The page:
It’s a good sign when scheduling time at a film festival becomes a logistical nightmare as you try to fit everything in. The first day of Edinburgh Film Fest required agonising decisions about whether to watch a portmanteau film featuring new work from Tsai Ming-Liang (Letters from the South), an American film about life on the frontier (Medeas), a British film about a blind ex-soldier searching for his dog (Greyhawk), or a Canadian/Danish/Mexican/Philippino tribute to The Last Picture Show where the Mayan Apocalypse may actually happen (La ultima pelicula). I’ve plumped for Medeas in the hope that it will be a Willa Cather-esque film about the great American wilderness, but I know I’ll end up with a serious case of film-envy should my friends emerge from their screenings raving about any of the others. The difficulty of this decision-making process suggests that this year’s festival is likely to be a treasure trove for the cinephile.
Courage is the name of the game when approaching a festival like Edinburgh’s, where the quantity of niche world cinema far outweighs the big name crowd-pleasers. Bong-Joon Ho’s Snowpiercer aside – a film which early word suggests is likely to be one of the best of the year – there are few established directors showcasing their work. Jim Mickle (famous for Stake Land and We Are What We Are) and David Gordon Green (in Prince Avalanche, not Your Highness, mode) are two American names that might prove a draw with Cold in July and Joe respectively, while the art-house world is excited about three films from Tsai Ming-Liang. Anton Corbijn, Michel Gondry and Mania Akbari are some of the famous names in the festival’s spectrum (I’m choosing to ignore Eli Roth).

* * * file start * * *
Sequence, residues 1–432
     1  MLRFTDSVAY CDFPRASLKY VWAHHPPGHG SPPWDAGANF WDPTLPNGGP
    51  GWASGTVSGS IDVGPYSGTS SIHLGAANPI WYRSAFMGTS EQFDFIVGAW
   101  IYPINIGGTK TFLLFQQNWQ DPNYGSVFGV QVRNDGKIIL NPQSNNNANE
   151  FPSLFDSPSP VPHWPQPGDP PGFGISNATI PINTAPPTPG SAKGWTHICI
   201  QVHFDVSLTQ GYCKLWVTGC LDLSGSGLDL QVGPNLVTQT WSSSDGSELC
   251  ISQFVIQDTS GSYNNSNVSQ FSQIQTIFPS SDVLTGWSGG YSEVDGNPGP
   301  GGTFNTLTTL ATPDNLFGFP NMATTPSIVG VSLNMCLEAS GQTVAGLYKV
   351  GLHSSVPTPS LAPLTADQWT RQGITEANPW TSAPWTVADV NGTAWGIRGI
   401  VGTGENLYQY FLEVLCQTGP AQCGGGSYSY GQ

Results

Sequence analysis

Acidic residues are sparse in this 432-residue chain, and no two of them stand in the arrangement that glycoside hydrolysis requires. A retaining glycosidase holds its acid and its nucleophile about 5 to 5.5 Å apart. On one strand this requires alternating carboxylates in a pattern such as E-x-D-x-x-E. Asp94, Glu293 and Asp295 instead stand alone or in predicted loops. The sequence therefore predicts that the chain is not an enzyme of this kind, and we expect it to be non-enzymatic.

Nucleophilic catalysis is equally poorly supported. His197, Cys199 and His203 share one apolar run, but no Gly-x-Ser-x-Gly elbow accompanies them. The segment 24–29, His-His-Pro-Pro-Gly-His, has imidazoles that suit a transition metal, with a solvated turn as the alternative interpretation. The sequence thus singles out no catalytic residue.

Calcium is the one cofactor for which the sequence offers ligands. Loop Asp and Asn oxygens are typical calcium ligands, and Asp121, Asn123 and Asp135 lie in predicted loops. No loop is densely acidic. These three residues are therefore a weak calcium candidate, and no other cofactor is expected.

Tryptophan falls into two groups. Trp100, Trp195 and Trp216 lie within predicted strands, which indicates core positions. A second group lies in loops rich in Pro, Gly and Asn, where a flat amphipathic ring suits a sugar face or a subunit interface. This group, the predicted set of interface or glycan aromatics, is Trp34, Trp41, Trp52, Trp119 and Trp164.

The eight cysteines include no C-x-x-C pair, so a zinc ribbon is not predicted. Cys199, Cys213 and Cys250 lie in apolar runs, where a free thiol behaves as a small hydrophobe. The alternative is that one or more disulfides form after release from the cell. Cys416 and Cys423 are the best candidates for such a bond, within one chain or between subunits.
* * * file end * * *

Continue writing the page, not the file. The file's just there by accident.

The result of a programme with such a sparse array of films by directors whose work you may already have seen, is that the brochure demands a thorough examination. It’s potentially worrying for ticket sales, but incredibly exciting for those in search of cinematic adventures.
Most enticing is the ‘Focus on Germany’ strand, which features tales of childhood with Jack, a near four-hour period drama from Heimat director Edgar Reitz, and The Stations of the Cross, which in only 14 takes (to match the 14 stations of the cross), promises to be exciting in both form and intellect. I’m also looking forward to 40 Days of Silence, a film about three generations of women in rural Tajikistan, Manakamana, which is set entirely on a cable car in Nepal, and Til Madness Do Us Part, a 228 minute documentary from Wang Bing about a mental institute in China.
It’s an eclectic, dense programme that demands you to engage with it but also take risks. I’ll probably see some awful films this year – it’s pretty much a festival guarantee – but I’m also hoping to witness beautiful cinematic rarities that will only ever show in the UK at this festival. So don’t expect most of the films on show at Edinburgh to be hitting a cinema screen near you any time soon, but that’s part of the fun!
The festival runs from 18 to 29 June.